Before continuing with your walk, you can have a short rest at Burgar fountain, with its characteristic terraced land and stone sinks, this damp environment is home to amphibians such as the common toad (Bufo bufo), natterjack toad (Epidalea calamita), common midwife toad (Alytes obstetricans) and the palmate newt (Lissotriton helveticus).

Follow the path out of the forest until you reach Matarredona plain, with a country house of the same name. In this land of cultivated terraces lives the largest and one of the most characteristic species of reptiles in the area, the ocellated lizard (Timon lepidus), there are also birds like the woodchat shrike (Lanius senator), black-eared wheatear (Oenanthe hispanica), common kestrel (Falco tinnunculus), and in the spring there is a great variety of butterflies and other insects which feed on the many different flowers growing in the area. After crossing some well preserved scrubland you will reach Foradada, at a height of 680m and from where you can contemplate the magnificent views of Sant Carles de la Ràpita, the Ebro coastline and the Ebro Delta.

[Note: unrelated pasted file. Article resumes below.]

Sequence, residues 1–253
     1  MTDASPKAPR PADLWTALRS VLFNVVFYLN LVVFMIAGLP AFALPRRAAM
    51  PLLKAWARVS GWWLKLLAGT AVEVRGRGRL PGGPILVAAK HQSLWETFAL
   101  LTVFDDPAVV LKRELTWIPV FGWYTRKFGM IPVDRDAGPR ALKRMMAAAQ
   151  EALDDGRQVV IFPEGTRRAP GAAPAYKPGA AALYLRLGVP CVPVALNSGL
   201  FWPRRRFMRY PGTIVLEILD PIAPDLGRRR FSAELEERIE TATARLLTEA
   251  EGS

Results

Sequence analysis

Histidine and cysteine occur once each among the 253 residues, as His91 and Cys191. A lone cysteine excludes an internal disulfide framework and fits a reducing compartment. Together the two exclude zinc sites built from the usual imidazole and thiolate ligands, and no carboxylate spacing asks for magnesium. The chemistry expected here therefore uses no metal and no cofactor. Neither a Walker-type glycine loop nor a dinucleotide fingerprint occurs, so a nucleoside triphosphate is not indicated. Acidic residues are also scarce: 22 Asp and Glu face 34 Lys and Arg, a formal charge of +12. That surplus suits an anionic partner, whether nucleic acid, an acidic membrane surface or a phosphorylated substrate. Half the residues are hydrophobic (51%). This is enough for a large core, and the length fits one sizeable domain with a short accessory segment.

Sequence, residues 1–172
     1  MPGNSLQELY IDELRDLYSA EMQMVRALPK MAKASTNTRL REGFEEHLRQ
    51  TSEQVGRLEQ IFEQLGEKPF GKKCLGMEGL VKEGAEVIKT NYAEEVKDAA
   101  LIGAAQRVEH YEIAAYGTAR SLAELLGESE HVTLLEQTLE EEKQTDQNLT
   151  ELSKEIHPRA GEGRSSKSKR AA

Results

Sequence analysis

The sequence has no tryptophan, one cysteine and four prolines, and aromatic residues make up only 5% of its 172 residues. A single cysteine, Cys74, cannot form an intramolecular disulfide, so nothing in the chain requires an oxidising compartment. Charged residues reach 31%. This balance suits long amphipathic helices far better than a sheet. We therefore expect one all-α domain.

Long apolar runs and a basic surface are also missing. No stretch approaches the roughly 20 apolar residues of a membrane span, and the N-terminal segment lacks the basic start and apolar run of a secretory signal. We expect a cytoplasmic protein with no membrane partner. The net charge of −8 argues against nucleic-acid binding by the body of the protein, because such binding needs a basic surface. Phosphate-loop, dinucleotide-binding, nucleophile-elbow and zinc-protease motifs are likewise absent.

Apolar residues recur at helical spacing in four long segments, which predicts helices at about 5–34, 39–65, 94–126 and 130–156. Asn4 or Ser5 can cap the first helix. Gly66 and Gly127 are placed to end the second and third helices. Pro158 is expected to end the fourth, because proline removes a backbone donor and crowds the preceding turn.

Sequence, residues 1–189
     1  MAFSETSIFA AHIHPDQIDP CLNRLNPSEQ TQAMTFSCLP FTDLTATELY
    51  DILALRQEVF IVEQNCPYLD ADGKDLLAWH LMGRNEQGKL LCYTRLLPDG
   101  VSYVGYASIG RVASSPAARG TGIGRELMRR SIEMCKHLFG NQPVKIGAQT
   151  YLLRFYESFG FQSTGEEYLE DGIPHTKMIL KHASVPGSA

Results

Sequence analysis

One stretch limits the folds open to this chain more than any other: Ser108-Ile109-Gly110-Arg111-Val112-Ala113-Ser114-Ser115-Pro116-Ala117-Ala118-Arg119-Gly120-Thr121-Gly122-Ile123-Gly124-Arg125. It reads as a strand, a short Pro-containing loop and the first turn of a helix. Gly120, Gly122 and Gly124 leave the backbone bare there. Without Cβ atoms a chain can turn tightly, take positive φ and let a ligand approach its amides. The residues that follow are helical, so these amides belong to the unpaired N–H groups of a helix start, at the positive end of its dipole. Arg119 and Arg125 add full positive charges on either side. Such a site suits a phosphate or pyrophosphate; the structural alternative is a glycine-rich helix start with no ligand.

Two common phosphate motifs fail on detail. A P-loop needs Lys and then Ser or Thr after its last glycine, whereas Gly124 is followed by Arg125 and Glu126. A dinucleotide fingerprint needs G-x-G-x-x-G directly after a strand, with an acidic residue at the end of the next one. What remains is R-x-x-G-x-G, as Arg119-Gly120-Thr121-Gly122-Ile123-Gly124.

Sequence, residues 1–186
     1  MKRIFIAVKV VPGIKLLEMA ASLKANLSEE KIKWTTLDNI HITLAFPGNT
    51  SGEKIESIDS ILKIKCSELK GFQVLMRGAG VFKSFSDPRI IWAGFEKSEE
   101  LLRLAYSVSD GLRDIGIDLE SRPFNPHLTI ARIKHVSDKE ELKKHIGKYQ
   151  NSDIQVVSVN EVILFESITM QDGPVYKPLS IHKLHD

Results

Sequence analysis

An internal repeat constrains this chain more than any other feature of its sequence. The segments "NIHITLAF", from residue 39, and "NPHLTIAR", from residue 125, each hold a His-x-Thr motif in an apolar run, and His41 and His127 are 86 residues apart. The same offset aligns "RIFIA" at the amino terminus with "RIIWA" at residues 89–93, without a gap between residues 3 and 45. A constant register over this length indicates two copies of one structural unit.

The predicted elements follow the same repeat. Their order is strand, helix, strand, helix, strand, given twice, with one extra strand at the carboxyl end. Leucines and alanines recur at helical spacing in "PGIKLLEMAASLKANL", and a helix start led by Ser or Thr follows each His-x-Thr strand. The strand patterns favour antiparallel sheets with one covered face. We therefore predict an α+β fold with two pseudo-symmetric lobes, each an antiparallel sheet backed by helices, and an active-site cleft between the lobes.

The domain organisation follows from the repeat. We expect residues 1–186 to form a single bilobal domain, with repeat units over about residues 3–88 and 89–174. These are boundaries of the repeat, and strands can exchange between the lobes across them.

To return, take the PR82, following the signs through "La Rueda" one of the oldest cultivated areas belonging to Matarredona country house, and at the fork in the path keep going straight on. The path you leave behind on your left goes back to Burgar fountain. After the steep descent of Manigueta hill, you come to the end of the route, right back at the starting point, Cocó de Jordi.

The educational and tourist services at Terres de l'Ebre Museum have developed this and many other routes which can be taken, to discover the natural and cultural heritage of Montsià. You can get more information at www.museuterresebre.cat, send mail to info@museuterresebre.cat or call tel. 977 702 954